As I haven’t written anything in these virtual pages for some time, I have no regular readers left.  However, those amongst you, reading now, that were will know that most of my bleating takes place on the pages of  Rarely does a day go by when some idiot posts an anti-cyclist tweet along the lines of “the only good cyclist is a dead cyclist” or “hahaha…I saw a cyclist get knocked off his bike on my way to work”, along with the usual comments about road tax.

Now, I don’t care if you don’t like cycling.  I don’t care if you don’t ride a bike.  I don’t care if you think wearing tight, shiny lycra and riding around, balancing on a pair of tyres narrower than the gusset in your girlfriend’s thong, makes me “a big poof”.  I genuinely don’t.  However, when I read tweets, such as one of the many this morning, which read, “I can’t describe the vibe I get when I drive by 6 cyclists and 5 I hit!”, my natural reaction is one not of outrage but of fear.  I’m worried about saving my skin.  As Robert De Niro said in Ronin, “…it covers my body”.  Ironically, Ronin has possibly the best car chase scenes of any film made, but that’s besides the point.

ImageRobert De Niro.  Who only gets the briefest of mentions in this post.

Am I right to be concerned?  I think so.  Consider for a moment, if you will, what the response would have been if the offending tweet had the word “cyclist” substituted with, say, “nigger”, or any number of other words connected with inciting racial hatred.  People have seen the inside of prison cells for just that kind of tweet.

I concede that my knowledge of criminal law is now considerably more sketchy than the sketchy knowledge I had before I forgot a lot of it, but let’s, just for a moment, turn this around.  Here’s a hypothetical scenario to consider: Brian Can’t wakes up one miserable Tuesday morning. His life is bad enough, having a surname like Can’t, and never being taken seriously when applying for a credit card, but he was late home the previous evening because he’d been “stuck” behind a “pesky cyclist”.  Anyway.  He gets up and tweets, “Cyclists piss me off. I’m going to knock a cyclist off his bike if he gets in the way today”.  Not the most vile, hateful tweet I’ve read, but still more than a little unpleasant.  Now, Brian has his Weetabix (other cereals are available upon request), a cup of tea, and chills out a bit.  He then gets in his car, and sets off to work.  Half way there, a wasp flies in through his open window and, being highly allergic to wasp stings, he panics a bit.  The result of this panicking is that he’s involved in an accident, which tragically kills a cyclist.  To many of you now, this sounds a little far-fetched, but I know for a fact* that stranger things happen every day.  The witnesses to the accident saw Brian gesticulating frantically “at the cyclist”, not at the wasp he was desperately trying to get out of the car.  Then some traumatised soul, having read Brian’s tweet earlier, and now surveying the scene, accuses Brian of murder.  “Look at his tweet,” the prosecution lawyer says, “It was a premeditated act of violence.”  Brian’s defence of, “It was just a tweet.  It was early in the morning, and I was grumpy” cuts no ice with the judge, and even less with the jury, seven of whom happen to be frequent cyclists.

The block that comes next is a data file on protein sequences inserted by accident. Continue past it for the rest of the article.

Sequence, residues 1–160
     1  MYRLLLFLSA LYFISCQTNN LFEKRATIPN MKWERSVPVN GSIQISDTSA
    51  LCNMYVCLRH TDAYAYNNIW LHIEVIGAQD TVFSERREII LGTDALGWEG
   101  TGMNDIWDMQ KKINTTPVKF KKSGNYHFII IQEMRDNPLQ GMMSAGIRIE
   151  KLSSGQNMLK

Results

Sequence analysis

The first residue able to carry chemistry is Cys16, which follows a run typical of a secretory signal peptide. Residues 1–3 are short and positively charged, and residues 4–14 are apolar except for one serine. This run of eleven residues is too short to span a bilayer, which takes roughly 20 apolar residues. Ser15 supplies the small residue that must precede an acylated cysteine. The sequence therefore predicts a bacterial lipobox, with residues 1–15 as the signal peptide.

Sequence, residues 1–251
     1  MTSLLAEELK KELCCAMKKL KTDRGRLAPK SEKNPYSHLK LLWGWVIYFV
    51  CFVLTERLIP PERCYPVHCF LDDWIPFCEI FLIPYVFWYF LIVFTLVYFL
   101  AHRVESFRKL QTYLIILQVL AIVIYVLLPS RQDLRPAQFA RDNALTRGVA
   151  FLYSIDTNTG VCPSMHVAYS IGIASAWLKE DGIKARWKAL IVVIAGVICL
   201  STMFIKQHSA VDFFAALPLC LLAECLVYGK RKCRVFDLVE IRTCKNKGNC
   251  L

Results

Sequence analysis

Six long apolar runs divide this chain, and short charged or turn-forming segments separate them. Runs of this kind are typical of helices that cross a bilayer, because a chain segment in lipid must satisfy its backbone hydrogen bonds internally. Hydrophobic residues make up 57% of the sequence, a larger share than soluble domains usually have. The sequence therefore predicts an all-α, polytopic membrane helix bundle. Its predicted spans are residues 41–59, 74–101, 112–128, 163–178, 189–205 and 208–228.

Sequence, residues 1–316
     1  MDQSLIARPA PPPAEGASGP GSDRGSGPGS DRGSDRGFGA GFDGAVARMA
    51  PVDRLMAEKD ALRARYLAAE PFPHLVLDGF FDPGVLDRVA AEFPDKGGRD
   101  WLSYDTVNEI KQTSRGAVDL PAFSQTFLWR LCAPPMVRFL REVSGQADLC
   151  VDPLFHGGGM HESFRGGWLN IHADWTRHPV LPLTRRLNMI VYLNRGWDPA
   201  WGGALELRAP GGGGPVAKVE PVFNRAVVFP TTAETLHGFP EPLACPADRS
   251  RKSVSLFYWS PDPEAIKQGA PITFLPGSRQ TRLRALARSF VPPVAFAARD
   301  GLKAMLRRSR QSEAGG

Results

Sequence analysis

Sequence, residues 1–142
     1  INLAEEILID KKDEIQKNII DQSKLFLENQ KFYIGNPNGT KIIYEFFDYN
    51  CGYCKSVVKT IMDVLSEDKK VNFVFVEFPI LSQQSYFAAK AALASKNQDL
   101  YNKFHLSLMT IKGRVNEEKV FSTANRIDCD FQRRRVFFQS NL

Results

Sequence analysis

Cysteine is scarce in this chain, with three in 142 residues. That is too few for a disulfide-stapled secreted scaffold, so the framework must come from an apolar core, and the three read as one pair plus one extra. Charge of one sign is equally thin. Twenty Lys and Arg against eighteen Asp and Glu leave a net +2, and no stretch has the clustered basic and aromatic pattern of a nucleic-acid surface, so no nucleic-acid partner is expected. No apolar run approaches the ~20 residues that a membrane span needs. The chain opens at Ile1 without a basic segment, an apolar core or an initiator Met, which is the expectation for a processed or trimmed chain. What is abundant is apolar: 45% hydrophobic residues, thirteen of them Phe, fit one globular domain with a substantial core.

So that’s just a hypothetical scenario, where no-one actually exists and no-one is actually killed.  Warning tweeters that they should be careful not to say things they don’t mean, lest they find themselves being vigorously bummed in prison showers, is not my message.  On that score, I’m hardly the one to talk.  I frequently use Twitter to say things that I don’t necessarily mean or believe, purely to provoke a reaction.  In the main, I do this to give people an opportunity to consider alternative perspective, or to be simply base.  My message is far less complicated than that.

I am human.  A human man, covered in skin, with blood, bones, liver, lungs and spleen.  I have a pancreas of which I am excessively proud.  Every time I swing my leg over the crossbar of my bicycle, and set off to ride on the tarmac that our taxes have contributed towards, I am in very real and, on occasions, very frightening danger.  I ride on because it is good for my body and my mind.  I ride on because I love the sport which consumes so many hours of my life.  I ride on despite the danger and, although you’re not to tell the missus, because it is a little bit dangerous.  I ride on, despite all the falls, accidents, broken bones and broken bikes.  You won’t stop me riding by posting a vile, hurtful tweet, but you will, and regularly do, put the fear of fuck knows what into me.  Are you the man in that Transit van that’s hurtling towards my back wheel?  Are you the dickhead in the badly-pimped Vauxhall Corsa, paying no attention to the road as your mate shows you his cock-piercing?  You’re probably not.  You’re the unseen fear, the one that Tweets from behind a pseudonym, drives the unassuming car, yet scares the shit out of me from the comfort and safety of my own front room.  I am one of those cyclists who, taken collectively, will make it onto your “militant wanker shit-list”.  If you’re going to tweet things like this, you have to expect a very vicious backlash.  It is because we are fucking scared.



*How do I know these things “for a fact”?  I’ll tell you.  I am a Paramedic.  I’ve been in the Ambulance Service for eleven years.  I’ve seen shit you wouldn’t believe.  This isn’t a boast, or even something I generally divulge.  I know what bits are supposed to be connected to other bits, and how much damage a car does to a cyclist.  I’ve also seen how much damage a bike does to the driver of a car.  Not much.



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